Borders can be deceptively simple. For children, a line drawn in the dirt can mark the end of a game or the beginning of a fight.
Adults are often willing to go to war over border-based ideas related to national kinship or to exclude a perceived “other.” Think of the recent invasion of Ukraine or the policies of Germany in the late 1930s.
Andrew Siañez-De La O wants you to consider the “scar” that is the border marking the southern boundary of the United States. In his “Borderline,” now playing at the Station Theatre in Urbana, the image of a scar arises several times as the playwright poetically blends elements of myth and horror to help us understand the pain of separation and the damage to families divided by the Rio Grande.
At the final dress rehearsal seen by The News-Gazette, there were technical challenges with key lighting cues, and it appeared the company could have used a few more days of rehearsal. But the roughness of that performance takes little away from Siañez-De La O’s lyrical tale, which shows how desperation and hope along our southern border offer a critical angle on the “American Dream.”
Director Jackie Obando Carter manages a careful balance between the mythic lyricism of a storyteller, who frames the narrative, and a type of magic realism that unfolds in a fallow cotton field in Socorro, Texas, not far from El Paso. The storyteller is Tío Ofelio (played with heart by Davíd González). With the mournful sound of a live guitar (played by Joe Reichlin) underpinning his tale, Ofelio reminds us of the beauty of family and home. “Stay in touch, mi familia. Listen closely. Stay safe,” he intones, as his voice calls to those who are lost in the night.
Rosita and Enzo are two orphaned children, in foster care, who long to hear Ofelio’s voice on their treasured portable radio. Elena Sofía Carrillo and Elían Carrillo, siblings in real life, portray Rosita and Enzo with natural charm and good humor. The two spend their evenings alone together in the countryside trying to create horror fiction and make a little money from writing contests. As they plan their next story, Enzo suggests they write about the mythic chupacabra, a kind of blood-sucking killer of livestock.
“I like it,” Rosita says. The imaginative Enzo replies, “It’s more than that, though. It’s a predator. It hunts. ... So it’s smart. It thinks. It’s not a mindless monster, it’s one that follows you home and waits for the right moment to go for your throat.”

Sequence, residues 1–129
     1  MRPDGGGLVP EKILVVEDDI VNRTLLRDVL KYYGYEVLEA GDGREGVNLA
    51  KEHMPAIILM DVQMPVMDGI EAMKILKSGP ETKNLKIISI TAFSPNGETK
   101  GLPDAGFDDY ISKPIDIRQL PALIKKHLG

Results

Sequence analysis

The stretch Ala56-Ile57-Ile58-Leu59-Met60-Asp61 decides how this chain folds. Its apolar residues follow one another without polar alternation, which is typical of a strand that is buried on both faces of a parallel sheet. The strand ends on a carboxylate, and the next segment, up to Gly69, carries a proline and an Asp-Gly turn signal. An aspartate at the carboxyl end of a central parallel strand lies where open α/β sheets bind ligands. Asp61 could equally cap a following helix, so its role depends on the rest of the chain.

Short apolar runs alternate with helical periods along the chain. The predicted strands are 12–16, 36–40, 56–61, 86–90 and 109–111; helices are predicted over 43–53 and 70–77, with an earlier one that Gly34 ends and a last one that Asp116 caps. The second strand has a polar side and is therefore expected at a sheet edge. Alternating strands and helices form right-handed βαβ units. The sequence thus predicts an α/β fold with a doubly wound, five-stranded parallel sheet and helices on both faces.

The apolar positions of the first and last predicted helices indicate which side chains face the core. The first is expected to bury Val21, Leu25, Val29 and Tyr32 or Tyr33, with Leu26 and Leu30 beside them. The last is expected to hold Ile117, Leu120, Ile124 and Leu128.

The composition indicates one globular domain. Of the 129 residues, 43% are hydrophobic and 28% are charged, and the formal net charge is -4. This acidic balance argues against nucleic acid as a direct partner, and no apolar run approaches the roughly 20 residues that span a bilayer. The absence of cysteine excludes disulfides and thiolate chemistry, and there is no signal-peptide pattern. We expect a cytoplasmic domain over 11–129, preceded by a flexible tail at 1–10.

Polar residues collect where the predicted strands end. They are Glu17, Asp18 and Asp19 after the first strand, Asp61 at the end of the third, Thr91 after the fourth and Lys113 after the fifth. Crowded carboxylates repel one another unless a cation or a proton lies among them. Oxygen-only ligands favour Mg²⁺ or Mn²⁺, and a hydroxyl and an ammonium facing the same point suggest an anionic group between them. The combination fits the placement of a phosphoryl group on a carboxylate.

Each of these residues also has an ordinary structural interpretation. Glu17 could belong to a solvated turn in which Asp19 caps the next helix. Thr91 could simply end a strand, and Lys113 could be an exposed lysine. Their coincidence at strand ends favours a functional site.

As they build their story, the sound of twigs snapping grows louder, and they become aware that they are not alone. The horror writers are now in a scary story they do not control — and it is a story familiar to many undocumented immigrants who worry about deportation and separation from their families. When a beast-like character known as The Man (Felipe Carmona) attempts to grab them, he is frightened away by fireworks and bright light. It is almost as if they have conjured their own chupacabra, but this one wears the colors of a government agent.
Rosita and Enzo are not the only kids out in the dark cotton field. Veronica and Tony (winningly played by Ines Garcia-Valdivia and Noé Cornejo Herrera) have been out for a drive after their homecoming dance. Tony has a surprise for Veronica, but she isn’t keen on traipsing around in the dark and dusty night. When Tony sees a flashing light, he goes to investigate with an impatient Veronica trailing him. Tony briefly considers UFOs a possibility, which Veronica mocks. Instead, they encounter Rosita and Enzo as the young writers try to escape the beast in the dark.
The intersections of the characters’ journeys are urged on by the haunting lighting design of Brian Hagy working in tandem with Eme Ospina-López’s subtle projections of night skies. Larissa Almanza’s costumes provide needed sparks of color set against Nick Shaw’s flexible scenery on the Station’s tiny stage. Ricardo Diaz’s sound design is unobtrusive and clean.
As the four young people undergo their journey of flight from the beast, the boys and the girls are separated and wander in pairs, looking for each other. Getting acquainted, they share their stories of loss within their families, even as Ofelio occasionally reminds us (and them, as his voice emerges from the cherished radio) that the lands they traverse were once the mythic Aztlán — the ancient lands of native peoples.
There is pain and beauty in Tío Ofelio’s unfolding tale of transformation — and in the kids’ response to it. Ofelio’s story of names and the scars they have inflicted upon him is a confessional.
It is also a ghost story about those who find themselves far from home, when “home” means family and “family” means everything.